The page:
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Old March 22, 2013, 08:15 AM   #1
jcsturgeon
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45 Colt, Black Powder

Say I wanted to reload 45 Colt with black powder. What would I need to do?

I have a turret press and I use a Lee Autodisk Measure. Is there load data somewhere that uses this setup where I could use black powder to load my 250 grain bullets?
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Old March 22, 2013, 08:50 AM   #2
Rifleman1776
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Fill with bp, seat bullet, shoot.
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Old March 22, 2013, 09:07 AM   #3
twobit
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^ yup. Leave no air space. If you want a lighter load mix powder with some cream of wheat. DRY cream of wheat of course, not cooked!
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Old March 22, 2013, 09:09 AM   #4
salvadore
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I would use something called an over powder wad @ .462". I use them in my .45 Uberti and an old converted to carbine trapdoor. For whatever reason, accuracy is much improved. SPG or dar formula lube keeps things running longer.
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Old March 22, 2013, 09:19 AM   #5
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Use the correct lube. You can find threads on the SASS about pan lubing where BP shooters melt the smokeless lube out of their bullets and replace with BP appropriate lubes.

If you shoot commercial cast bullets with smokeless lubes your barrel will foul so badly you won't see rifling.
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Old March 22, 2013, 09:21 AM   #6
Poindexter
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I am a n00b at this. I loaded about 30 rounds of 45 colt using a modern black powder substitute and had a heck of time getting the fouling out of my barrel.

It reads like I did two things "wrong", just from reading about it.

1. It seems like petrochemicals make BP fouling quite tenacious, I have read a few places now of folks getting thier bore absolutely sparkiling clean, and then taking all the oil off the bore with something like methanol so there is no petro-oil in there to make the fouling sticky. I guess they re-oil their bores with something like rendered bacon fat, thankfully I have some of that.

2. It seems not enough lube makes fouling tenacious, extra lube makes a bit of a mess but cleans up easily.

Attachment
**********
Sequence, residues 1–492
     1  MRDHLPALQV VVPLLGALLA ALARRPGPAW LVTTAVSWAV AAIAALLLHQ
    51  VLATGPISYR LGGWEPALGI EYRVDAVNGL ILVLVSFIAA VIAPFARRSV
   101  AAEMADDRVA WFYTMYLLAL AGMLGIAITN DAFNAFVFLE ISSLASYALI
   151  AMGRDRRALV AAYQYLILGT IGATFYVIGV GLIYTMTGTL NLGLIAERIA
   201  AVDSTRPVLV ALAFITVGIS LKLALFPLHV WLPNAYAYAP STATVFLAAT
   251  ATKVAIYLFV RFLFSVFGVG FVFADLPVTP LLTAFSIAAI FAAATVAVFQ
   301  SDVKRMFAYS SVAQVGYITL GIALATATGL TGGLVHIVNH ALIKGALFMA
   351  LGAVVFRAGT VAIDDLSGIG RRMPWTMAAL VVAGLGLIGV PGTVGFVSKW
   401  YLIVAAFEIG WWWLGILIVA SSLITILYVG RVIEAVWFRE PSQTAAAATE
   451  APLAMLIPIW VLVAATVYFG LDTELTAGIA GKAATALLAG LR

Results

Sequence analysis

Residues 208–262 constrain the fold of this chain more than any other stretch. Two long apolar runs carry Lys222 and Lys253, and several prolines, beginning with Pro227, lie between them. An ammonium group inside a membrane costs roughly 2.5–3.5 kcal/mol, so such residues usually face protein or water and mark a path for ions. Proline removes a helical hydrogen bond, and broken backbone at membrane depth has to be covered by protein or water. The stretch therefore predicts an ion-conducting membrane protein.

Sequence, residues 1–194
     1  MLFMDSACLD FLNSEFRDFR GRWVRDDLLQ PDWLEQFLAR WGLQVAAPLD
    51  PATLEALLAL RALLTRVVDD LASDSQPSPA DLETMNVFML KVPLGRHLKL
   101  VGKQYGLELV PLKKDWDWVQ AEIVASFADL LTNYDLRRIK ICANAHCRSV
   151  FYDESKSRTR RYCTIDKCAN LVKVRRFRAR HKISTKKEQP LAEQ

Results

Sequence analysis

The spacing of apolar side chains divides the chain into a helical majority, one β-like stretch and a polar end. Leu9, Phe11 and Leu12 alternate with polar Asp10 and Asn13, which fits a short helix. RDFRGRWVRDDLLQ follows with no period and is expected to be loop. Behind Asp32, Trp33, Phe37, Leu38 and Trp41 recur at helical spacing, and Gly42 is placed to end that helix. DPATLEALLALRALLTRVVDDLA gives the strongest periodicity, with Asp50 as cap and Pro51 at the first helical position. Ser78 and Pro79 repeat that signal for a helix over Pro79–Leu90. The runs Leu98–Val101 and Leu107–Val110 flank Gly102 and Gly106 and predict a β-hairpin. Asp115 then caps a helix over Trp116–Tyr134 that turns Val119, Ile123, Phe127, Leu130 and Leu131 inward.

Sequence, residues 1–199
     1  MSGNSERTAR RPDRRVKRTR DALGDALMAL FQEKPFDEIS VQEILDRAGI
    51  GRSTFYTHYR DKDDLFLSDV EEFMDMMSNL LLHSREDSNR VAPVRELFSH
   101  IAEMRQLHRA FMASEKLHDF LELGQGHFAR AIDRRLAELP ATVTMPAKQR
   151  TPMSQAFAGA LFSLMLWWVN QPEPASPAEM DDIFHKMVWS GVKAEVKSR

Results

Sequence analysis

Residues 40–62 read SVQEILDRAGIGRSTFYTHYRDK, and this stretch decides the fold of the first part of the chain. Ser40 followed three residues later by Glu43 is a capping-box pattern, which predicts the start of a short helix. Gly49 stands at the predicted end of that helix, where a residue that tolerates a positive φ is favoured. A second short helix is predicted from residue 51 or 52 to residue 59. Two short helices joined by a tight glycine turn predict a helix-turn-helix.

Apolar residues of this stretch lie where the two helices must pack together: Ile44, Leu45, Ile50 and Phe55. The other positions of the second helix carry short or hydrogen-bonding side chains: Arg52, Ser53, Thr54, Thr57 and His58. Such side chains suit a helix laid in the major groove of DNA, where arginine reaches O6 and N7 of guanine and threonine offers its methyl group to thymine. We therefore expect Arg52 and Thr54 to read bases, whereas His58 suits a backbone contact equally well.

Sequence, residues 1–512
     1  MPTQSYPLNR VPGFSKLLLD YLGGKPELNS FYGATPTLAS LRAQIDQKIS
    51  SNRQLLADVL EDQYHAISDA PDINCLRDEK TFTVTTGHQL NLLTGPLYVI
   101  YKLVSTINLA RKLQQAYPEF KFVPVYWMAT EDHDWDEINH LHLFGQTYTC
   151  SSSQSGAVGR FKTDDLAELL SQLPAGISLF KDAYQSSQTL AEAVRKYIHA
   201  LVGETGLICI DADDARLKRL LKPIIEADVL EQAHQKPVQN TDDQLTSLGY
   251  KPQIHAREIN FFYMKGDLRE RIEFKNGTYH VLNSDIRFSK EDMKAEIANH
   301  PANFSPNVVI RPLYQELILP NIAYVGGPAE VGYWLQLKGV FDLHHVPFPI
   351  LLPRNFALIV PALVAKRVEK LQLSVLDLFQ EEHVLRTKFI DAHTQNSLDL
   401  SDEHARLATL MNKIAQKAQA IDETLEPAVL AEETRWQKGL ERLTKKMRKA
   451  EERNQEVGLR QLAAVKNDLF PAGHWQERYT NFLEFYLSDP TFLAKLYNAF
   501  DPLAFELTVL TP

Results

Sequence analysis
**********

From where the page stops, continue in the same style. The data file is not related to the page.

I have loaded my second batch, but am waiting for warmer weather here. I started with trimmed uniform length brass. Then I measured from the bottom of the case to the rim of the case mouth, and from the base of the bullet to the crimping groove. The substitute I have (I think it is 777, not at home right now to look) wants anywhere from zero free air space to 10% compressed powder charge.

I ended up using a pipe cutter on a spare piece of .45 Colt brass to make a powder measure so I could put the same -volume- of powder in each case.

I also melted up some of my bullet lube and poured it out on a sheet of tim foil on a baking sheet.

There is a bajillion recipes for bullet lube out there. I use 45% beeswax, 45% Crisco and 10% olive oil by weight, and it works good for me down to minus 30dF. Since it is all food grade stuff I can mix it in the kitchen on the regular stove without having to buy a second set of kitchen utensils for my loading bench. I don't know how it will do in summertime heat because I just started using it last fall.

Any road, I let the thin layer of lube cool on the tin foil, and then used another .45 Colt case, this one with the head cut off, as a cookie cutter. I find a .38Spec brass is adequate as a plunger, basically punch the .45 Colt brass into the lube sheet to cut out a cookie, then slide the .38Spec brass head first in from the other end to push the cookie out. My lube cookies are about 0.1" thick.

So I primed the brass, poured in uniform charges of BP substitute, eased a cookie on top of that and then seated my bullet.

I have a hunch I could get away with a lot less sophisticated methodology, but I am willing to put a little effort in the front end to save going through that cleanup from last time again. Also I could get a bigger charge volume if I left the cookie out for perhaps a little more velocity, see cleanup.

I have not yet fooled with a drop tube to help settle my powder charge more densely. I haven't come up with a plunger to manually compress my powder before I seat a bullet on it. I haven't yet fooled with cloth wads. I looked at cloth wads, but for the money they can't possibly be holding very much in the way of lube.

For my next tricks I am going to load up some 270SAA with lube cookie and chrono those, and I want to coem up with a BP load for a 230gr bullet that chronos 750-800fps muzzle so I can shoot steel target with the 1911 owners.